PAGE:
Much of this is the twin impulses of celebrity and easy saviours. Feminism (and everything else) has a need to “stan” any person with mildly agreeable politics or sassy soundbites, elevating them to golden goddess standards without any burden of actual work or achievement. Emma Watson, Jennifer Lawrence, Lena Dunham, Kim Kardashian, Hilary Clinton, Julia Gillard, even Julie Bishop at one point – all of these people have been celebrated for their feminism with little to no unpacking of what form that feminism takes.

You may have noticed some of these people are no longer considered feminist champions given persistent mistakes. Once installed as a feminist celebrity, we keep lauding them as the one who will “change things” and be the answer to everything.

But of course this cannot be sustained. Some of the women mentioned have been car crashes of calamity, others contradictory, some merely forgotten in pursuit of the new inspiration while others use it as a marketing campaign. Some people will unpack their feminist credentials, which can help balance the adulation. However, there comes a point in almost every celebrity cycle based on simplistic personas where they lose their easy adulation. Suddenly, they are figures of outrage, falling out of favour from a height they may have never sought and decried for not maintaining a perfection they never claimed.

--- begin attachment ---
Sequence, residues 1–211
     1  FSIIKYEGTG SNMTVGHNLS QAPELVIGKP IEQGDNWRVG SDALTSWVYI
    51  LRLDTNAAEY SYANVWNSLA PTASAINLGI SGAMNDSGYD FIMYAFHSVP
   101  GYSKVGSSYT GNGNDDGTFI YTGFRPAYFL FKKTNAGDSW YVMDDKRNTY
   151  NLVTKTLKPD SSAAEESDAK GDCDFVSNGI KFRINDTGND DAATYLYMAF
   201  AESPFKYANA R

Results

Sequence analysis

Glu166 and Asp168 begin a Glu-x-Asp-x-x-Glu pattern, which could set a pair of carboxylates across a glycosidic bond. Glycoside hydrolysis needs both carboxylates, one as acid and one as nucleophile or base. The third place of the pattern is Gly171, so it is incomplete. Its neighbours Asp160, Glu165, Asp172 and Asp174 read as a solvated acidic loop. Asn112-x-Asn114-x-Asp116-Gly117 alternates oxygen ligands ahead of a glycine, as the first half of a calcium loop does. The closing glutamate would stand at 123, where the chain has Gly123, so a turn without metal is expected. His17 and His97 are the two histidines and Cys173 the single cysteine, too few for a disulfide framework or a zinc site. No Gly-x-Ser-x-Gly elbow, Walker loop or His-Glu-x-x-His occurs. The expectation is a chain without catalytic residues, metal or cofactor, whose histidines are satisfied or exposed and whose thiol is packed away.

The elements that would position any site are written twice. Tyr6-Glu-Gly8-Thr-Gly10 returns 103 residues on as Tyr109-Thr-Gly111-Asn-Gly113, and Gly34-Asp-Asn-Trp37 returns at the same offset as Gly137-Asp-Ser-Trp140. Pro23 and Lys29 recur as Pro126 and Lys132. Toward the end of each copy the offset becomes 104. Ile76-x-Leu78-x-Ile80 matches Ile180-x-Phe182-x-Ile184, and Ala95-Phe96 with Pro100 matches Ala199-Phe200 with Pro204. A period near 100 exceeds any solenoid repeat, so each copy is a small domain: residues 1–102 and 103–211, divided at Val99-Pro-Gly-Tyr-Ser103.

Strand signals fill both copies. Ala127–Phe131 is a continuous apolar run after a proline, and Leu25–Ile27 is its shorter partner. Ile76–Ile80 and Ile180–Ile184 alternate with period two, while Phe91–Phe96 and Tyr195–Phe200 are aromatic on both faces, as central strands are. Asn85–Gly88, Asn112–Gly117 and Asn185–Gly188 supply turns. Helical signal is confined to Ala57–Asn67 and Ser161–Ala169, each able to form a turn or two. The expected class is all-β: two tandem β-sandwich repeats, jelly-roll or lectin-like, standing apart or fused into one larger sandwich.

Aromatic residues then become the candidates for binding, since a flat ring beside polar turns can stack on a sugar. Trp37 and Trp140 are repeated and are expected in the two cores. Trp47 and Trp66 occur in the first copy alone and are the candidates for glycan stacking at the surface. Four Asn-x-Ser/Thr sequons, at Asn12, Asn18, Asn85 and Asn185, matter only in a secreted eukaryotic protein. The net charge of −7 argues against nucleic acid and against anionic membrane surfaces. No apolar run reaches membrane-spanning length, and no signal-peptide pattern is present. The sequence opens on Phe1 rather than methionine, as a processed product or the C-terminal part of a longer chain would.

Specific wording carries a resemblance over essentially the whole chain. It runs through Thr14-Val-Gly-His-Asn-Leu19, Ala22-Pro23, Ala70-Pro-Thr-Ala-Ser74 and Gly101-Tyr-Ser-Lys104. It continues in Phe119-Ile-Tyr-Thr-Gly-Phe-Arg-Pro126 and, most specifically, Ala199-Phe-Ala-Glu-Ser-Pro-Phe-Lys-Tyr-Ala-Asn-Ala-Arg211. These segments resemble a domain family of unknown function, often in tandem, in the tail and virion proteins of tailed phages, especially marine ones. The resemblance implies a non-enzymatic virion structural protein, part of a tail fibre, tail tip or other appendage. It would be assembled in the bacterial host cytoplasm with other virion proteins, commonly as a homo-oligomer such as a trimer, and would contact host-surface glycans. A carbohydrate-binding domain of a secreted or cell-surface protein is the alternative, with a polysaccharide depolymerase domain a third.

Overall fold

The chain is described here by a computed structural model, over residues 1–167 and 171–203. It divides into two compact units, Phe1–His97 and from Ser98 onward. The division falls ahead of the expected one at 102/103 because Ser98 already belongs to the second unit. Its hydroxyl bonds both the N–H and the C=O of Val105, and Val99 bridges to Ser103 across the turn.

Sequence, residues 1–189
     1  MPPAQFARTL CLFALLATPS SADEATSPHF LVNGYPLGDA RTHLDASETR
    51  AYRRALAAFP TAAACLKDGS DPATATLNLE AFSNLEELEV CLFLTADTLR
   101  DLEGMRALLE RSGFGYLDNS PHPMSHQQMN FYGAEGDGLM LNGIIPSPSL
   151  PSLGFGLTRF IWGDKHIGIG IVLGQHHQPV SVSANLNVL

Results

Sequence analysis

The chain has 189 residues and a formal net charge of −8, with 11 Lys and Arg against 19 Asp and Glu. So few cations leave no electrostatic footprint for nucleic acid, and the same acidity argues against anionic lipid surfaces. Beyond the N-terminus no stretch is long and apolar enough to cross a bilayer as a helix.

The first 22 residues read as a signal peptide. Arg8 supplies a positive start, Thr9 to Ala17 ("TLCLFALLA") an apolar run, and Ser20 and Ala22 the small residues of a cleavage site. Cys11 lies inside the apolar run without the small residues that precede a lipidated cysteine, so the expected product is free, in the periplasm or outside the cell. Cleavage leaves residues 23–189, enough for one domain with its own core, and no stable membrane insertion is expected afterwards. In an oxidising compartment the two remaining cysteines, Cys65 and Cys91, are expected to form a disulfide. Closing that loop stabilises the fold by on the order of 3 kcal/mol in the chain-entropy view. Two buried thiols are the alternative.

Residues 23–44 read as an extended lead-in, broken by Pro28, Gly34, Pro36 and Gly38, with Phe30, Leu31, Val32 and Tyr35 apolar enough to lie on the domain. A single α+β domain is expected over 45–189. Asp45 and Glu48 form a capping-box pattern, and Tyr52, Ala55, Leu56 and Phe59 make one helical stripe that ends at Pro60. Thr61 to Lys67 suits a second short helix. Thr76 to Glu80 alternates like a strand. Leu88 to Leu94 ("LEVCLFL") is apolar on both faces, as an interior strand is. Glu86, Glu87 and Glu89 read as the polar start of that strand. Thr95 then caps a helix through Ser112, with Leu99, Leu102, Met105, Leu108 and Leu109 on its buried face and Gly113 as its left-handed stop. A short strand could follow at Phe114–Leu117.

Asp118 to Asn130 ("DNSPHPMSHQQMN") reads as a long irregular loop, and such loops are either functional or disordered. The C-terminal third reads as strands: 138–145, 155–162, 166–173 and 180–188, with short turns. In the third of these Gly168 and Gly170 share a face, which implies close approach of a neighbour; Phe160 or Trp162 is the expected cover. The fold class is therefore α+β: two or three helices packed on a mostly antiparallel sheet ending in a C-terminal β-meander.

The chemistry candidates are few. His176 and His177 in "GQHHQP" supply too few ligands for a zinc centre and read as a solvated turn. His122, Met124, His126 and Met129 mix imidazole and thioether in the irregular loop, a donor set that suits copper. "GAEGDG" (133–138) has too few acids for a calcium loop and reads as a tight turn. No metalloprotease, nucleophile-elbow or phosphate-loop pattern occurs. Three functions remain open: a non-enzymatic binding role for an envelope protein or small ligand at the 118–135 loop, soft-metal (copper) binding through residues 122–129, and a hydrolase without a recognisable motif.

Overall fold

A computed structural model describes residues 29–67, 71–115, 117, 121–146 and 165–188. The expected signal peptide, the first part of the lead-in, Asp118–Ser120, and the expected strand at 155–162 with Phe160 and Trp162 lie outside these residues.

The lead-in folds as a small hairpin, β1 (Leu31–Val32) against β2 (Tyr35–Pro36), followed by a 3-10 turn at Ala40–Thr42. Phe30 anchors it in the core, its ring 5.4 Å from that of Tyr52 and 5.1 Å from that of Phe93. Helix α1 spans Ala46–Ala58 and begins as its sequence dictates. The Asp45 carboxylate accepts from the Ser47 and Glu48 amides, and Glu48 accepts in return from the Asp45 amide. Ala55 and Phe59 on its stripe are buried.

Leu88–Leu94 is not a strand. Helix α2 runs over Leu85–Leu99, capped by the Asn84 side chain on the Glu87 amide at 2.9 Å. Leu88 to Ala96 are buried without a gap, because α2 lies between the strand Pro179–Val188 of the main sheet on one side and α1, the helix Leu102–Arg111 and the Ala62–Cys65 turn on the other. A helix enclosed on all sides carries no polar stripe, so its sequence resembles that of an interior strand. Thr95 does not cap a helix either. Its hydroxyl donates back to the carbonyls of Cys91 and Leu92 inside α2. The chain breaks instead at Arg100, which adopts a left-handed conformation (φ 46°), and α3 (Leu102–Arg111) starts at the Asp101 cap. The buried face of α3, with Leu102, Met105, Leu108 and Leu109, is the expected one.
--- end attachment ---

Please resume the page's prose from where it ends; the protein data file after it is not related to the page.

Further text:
When we categorise women into invisible, cancelled or worshipped as feminist icons, we are denying ourselves and the elevated women of nuance and complexity. No woman emerges from the clamshell in a state of perfection, her actions and history unblemished with failure.

Instead, we are placing yet another burden on women they must perform perfectly to achieve acceptance. Not only that, but we deny them the benefit of failure; where they can devote themselves to meaningful improvement for themselves and others.

Our problem is that we keep looking for someone else to save the world. We think they can do it, it will be quick and we’ll be here on the sidelines retweeting it all. It’s understandable, the constant fatigue of living and fighting leads many to want that superhero to fix everything for us.

But that’s not how it happens. Change comes from work – dismantling the systems around us and our internal politics. It’s hard work, often unseen and unacknowledged, takes forever and there are days where you feel like you’re not making much progress at all.

The Jacinda Arderns, Justin Trudeaus and all the other photogenic progressives previously adored and memed won’t save the world. The world has to save the world. That means us. That means you.

When my friend told me how Ardern’s motherhood was going to change things, I disagreed. Yes, it’s novel that a woman political leader has given birth but that isn’t the change to mark. Instead of seeing a younger woman make it through the political ranks childless and able to give birth after taking office, show me the older woman – show me the woman who has dealt with the deals and machinations of politics, fought off sexism and discrimination to take office and has a teenager on the side, and a partner who was there to give long term equal labour in the home. And then? Let’s celebrate her while she gets on with the fraught work of being a complex person doing a complex job.

That’s what I call change.

 

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Amy Gray is a Melbourne writer whose work focuses on feminism, culture and parenting. She tweets via @_amygray_